Charles Henry Turner
Charles Henry Turner, a zoologist and scholar, was the first person to discover that insects can hear and alter behavior based on previous experience.
Born in 1867 in Cincinnati, Ohio, Charles Henry Turner was a pioneering African-American scientist and scholar. Among his most notable achievements, Turner was the first African American to receive a Ph.D. in zoology from the University of Chicago, and the first person to discover that insects can hear and alter behavior based on previous experience. He died in Chicago, Illinois, in 1923.
Background and Education
Pioneering African-American scientist Charles Henry Turner was born on February 3, 1867, in Cincinnati, Ohio. His father worked as a custodian and his mother was a practical nurse, and the young Turner was actively encouraged to read and learn.
Turner excelled at his studies, graduating from Gaines High School in 1886 as class valedictorian. He enrolled at the University of Cincinnati that same year, and in 1887, he wed Leontine Troy. The couple later had two sons, Henry and Darwin, before his wife's death in 1895.
Turner graduated with a bachelor's degree in biology in 1891, and earned a master's degree from the University of Cincinnati the following year. During his studies, Turner found work as a teacher at a number of schools, and had an assistantship at his alma mater from 1891 to 1893.
Educator at Clark College
To help find a teaching position, Turner contacted Booker T. Washington at the Tuskegee Normal and Industrial Institute (later Tuskegee University) in Alabama. Some reports indicate that Turner lost out on a position at the institute to George Washington Carver, another distinguished African-American scientist. Instead Turner moved to Atlanta, Georgia, where he taught at Clark College (later known as Clark Atlanta University) from 1893 to 1905.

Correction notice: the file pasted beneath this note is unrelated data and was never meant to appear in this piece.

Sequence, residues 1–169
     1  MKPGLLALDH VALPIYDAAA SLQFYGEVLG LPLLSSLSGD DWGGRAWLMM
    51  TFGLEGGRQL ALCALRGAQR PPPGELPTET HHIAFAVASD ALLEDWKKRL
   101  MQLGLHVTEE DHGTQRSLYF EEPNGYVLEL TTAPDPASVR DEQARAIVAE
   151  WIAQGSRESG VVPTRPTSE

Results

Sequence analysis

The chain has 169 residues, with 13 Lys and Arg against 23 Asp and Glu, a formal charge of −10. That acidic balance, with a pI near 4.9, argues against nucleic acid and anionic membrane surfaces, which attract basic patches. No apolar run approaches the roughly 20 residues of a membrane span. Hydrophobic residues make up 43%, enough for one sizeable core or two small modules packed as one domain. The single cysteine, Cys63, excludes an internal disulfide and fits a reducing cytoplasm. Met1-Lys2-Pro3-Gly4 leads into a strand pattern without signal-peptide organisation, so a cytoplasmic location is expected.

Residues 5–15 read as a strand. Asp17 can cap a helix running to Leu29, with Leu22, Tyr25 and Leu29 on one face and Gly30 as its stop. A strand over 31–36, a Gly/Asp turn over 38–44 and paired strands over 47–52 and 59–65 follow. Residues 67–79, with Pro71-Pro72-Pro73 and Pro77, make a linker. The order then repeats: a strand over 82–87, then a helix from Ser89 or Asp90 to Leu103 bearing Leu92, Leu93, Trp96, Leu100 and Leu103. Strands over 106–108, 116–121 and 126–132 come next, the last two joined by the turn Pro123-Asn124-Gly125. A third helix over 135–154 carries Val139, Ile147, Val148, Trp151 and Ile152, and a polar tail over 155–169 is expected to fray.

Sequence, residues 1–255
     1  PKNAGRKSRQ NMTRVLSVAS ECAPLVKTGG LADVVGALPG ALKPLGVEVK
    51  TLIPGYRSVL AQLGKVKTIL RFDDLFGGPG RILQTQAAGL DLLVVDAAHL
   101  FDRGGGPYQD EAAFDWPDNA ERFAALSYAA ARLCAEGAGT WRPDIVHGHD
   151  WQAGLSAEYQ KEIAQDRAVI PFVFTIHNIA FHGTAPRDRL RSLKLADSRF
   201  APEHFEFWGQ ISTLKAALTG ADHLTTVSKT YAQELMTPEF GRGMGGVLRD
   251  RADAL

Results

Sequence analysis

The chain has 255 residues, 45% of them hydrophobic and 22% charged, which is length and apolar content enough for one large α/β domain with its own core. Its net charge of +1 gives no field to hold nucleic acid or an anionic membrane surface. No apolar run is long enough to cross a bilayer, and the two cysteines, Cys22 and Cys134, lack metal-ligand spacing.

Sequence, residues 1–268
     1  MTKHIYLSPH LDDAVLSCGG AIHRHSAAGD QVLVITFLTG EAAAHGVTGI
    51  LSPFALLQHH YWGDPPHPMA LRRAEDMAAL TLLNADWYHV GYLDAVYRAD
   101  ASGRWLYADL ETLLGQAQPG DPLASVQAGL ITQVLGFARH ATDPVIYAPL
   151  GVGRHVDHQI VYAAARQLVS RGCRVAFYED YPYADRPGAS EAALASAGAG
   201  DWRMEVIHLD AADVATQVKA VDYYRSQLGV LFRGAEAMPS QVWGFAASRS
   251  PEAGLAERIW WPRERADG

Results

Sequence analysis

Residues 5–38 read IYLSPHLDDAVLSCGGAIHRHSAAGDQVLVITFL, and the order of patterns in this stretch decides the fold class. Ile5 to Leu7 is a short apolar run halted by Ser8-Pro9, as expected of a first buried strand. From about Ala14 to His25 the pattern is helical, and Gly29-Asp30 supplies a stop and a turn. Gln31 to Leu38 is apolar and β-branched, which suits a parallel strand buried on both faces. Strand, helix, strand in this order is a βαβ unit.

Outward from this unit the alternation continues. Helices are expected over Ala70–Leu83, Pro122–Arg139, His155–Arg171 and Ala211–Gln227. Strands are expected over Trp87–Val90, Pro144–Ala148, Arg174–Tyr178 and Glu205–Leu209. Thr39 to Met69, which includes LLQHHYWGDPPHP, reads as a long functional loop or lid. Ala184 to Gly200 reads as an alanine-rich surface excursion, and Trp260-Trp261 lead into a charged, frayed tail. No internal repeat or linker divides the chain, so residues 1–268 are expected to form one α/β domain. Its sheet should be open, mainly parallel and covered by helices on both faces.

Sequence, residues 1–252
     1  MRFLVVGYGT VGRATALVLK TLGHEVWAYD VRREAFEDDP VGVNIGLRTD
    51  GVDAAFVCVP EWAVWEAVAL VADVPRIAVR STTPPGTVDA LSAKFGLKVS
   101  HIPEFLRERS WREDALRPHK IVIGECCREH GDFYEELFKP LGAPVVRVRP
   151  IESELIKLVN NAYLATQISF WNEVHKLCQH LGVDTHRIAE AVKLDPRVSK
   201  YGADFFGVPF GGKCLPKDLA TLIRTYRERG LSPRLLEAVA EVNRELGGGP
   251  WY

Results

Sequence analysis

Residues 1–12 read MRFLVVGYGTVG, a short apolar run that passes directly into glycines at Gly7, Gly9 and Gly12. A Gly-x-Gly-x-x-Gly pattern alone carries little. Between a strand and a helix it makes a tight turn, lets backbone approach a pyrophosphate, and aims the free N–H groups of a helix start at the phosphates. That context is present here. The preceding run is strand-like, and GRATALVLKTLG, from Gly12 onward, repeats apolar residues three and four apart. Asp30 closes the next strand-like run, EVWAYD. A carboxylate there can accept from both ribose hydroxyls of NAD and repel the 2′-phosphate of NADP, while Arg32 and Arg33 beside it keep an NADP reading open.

In 1907, Turner graduated from the University of Chicago with a Ph.D. in zoology, becoming the first African American to receive such a degree from the institution. Shortly after being turned down for a teaching position at the University of Chicago, Turner moved to St. Louis, Missouri, where he taught at Sumner High School until 1922.
During his career, Turner published more than 70 research papers. He pioneered research techniques in the study of animal behavior and made several important discoveries that advanced our understanding of the natural world. Among his most notable achievements, Turner was the first person to discover that insects can hear and alter behavior based on previous experience. He showed that insects were capable of learning, illustrating (in two of his most famous research projects) that honey bees can see in color and recognize patterns. He conducted some of these experiments while working at Sumner without the benefit of research assistants or laboratory space.
In 1922, Turner moved to Chicago, Illinois, to live with his son Darwin. He died there on February 14, 1923. His last scientific paper was published the year after his death, in which he explored a method for conducting field research on fresh-water invertebrates.
Several schools have been named in Turner's honor in St. Louis, Missouri, the city where he spent so many years as a teacher. On the campus of Clark Atlanta University, he is remembered on the Tanner-Turner Hall building. And children have learned about his influential work though the 1997 children's book Bug Watching with Charles Henry Turner by M.E. Ross.
In recent years, his groundbreaking work has been reintroduced to the public through the publication of Selected Papers and Biography of Charles Henry Turner, Pioneer of Comparative Animal Behavior Studies (2003).